Revolter was born and raised in Santa Barbara, California. He started as a graffiti artist and graphic designer before receiving a formal education in media production. He began his professional career working as an illustrator creating original works for corporate advertising, fashion companies, and musicians. During this time he also ran a successful marketing firm in Los Angeles, and has had success working as a commercial artist and marketer.
His work often deals with such themes as identity, empathy, and death. When he was ten years old his neighbor was attacked and killed by a great white shark. Tragic life experiences have given him creative inspiration.
Revolter has an extensive collection of vintage cameras, and has a preference to acquire items that often have connections to famous filmmakers or movies.
Revolter graduated summa cum laude from Brooks Institute, where he received a Master of Fine Arts in Photography, Bachelor of Fine Arts in Film, and a Certificate in Cinematography.
Revolter is known for creating empathetic and dark imagery set in high-concept settings. He claims to be "format agnostic" as he typically shoots with Red Digital Cinema Camera Company, Arri Alexa, Hasselblad, Phase One, Leica Camera, and Canon Inc. camera systems. He has incorporated principles derived from traditional cinema while shooting, which includes using film equipment and lighting techniques. Most of his scenes include real subjects in authentic locations, and he uses very little digital post-processing afterwards. Revolter's photographs are usually projected in large spaces, as opposed to being displayed in frames.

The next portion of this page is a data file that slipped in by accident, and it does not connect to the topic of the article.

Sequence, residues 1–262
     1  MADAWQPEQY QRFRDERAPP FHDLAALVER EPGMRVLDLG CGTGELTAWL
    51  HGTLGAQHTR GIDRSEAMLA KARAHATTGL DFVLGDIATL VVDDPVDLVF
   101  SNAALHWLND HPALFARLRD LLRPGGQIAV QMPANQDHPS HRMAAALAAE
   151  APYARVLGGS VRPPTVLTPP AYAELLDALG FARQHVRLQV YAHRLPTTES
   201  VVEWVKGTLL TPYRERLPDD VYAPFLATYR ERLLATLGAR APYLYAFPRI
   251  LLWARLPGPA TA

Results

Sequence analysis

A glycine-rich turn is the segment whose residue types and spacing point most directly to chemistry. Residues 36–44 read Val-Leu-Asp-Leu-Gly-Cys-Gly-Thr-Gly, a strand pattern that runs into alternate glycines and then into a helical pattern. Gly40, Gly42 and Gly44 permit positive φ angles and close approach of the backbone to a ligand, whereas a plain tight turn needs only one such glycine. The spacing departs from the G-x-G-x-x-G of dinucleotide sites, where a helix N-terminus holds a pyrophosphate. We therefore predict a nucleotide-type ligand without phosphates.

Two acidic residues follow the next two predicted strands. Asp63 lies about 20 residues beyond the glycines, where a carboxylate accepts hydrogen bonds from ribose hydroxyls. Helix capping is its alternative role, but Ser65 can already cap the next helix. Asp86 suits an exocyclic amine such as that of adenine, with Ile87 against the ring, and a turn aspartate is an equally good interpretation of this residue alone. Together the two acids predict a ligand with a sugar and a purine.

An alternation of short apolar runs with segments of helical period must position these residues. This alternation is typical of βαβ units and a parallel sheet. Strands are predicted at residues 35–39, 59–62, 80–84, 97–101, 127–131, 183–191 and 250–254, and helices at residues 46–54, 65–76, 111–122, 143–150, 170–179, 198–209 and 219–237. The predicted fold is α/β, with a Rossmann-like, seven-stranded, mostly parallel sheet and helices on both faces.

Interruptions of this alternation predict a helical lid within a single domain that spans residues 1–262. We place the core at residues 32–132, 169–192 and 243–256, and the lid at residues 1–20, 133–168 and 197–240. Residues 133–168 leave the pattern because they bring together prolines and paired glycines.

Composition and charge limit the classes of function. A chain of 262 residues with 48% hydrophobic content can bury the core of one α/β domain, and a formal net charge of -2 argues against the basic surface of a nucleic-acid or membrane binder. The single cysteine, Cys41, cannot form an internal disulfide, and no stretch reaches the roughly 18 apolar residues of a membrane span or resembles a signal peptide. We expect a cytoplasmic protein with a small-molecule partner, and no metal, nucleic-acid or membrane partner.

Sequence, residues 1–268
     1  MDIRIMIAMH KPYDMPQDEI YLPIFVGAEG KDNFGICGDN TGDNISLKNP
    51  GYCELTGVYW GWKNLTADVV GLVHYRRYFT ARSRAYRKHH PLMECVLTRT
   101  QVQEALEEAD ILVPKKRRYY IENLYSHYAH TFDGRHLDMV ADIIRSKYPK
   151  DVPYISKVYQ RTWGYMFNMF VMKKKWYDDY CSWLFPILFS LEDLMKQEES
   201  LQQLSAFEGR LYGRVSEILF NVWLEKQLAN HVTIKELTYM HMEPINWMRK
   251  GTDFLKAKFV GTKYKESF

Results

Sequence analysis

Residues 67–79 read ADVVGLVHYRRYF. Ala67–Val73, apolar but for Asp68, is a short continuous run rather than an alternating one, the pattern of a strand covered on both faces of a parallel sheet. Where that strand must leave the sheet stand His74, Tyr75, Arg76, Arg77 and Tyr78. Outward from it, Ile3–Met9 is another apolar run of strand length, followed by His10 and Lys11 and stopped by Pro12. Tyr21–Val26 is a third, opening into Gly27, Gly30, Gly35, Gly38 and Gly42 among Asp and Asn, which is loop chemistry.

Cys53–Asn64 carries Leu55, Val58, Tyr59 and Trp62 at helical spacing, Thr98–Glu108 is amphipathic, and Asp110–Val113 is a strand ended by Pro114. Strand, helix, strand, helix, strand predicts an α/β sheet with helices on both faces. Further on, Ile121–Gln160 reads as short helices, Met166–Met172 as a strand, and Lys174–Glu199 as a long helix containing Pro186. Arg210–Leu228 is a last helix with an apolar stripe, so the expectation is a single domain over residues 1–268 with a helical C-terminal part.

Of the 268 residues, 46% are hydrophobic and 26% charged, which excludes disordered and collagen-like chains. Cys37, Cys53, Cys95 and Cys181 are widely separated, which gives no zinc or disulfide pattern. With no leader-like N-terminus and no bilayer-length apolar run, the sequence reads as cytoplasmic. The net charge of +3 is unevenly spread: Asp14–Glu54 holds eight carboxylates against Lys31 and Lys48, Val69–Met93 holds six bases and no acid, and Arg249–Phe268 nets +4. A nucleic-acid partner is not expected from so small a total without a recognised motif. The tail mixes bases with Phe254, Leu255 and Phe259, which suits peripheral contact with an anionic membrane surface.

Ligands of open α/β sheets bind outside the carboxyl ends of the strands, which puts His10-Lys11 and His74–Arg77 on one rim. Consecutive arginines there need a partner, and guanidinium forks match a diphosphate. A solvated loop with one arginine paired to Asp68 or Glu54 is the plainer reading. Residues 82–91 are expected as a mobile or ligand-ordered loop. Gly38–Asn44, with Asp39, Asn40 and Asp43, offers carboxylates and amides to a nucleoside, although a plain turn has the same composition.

In 2014 Revolter produced a winning short film titled The Way We Were, directed by Ayasylla Ghosn, for the Santa Barbara Film Festival's 10-10-10 Student Filmmaking Competition. He also produced Schoolboy Q's music video for "Hoover Street" that same year. In 2013 he produced the music video for Cali Swag District's "Shake Something".
In 2015 Revolter installed a multimedia projection titled "Bodies on the Wall" on various buildings throughout California. The project was part of his graduating thesis and questioned how viewers analyzed, participated, and remembered their experiences regarding artwork in the digital age.
In 2014 Revolter's photography was installed on the Studio Wall at Brooks Institute. The images he displayed questioned the viewers' understanding of both the meaning, and the relationship between the photographs.
Notable work Revolter has produced include: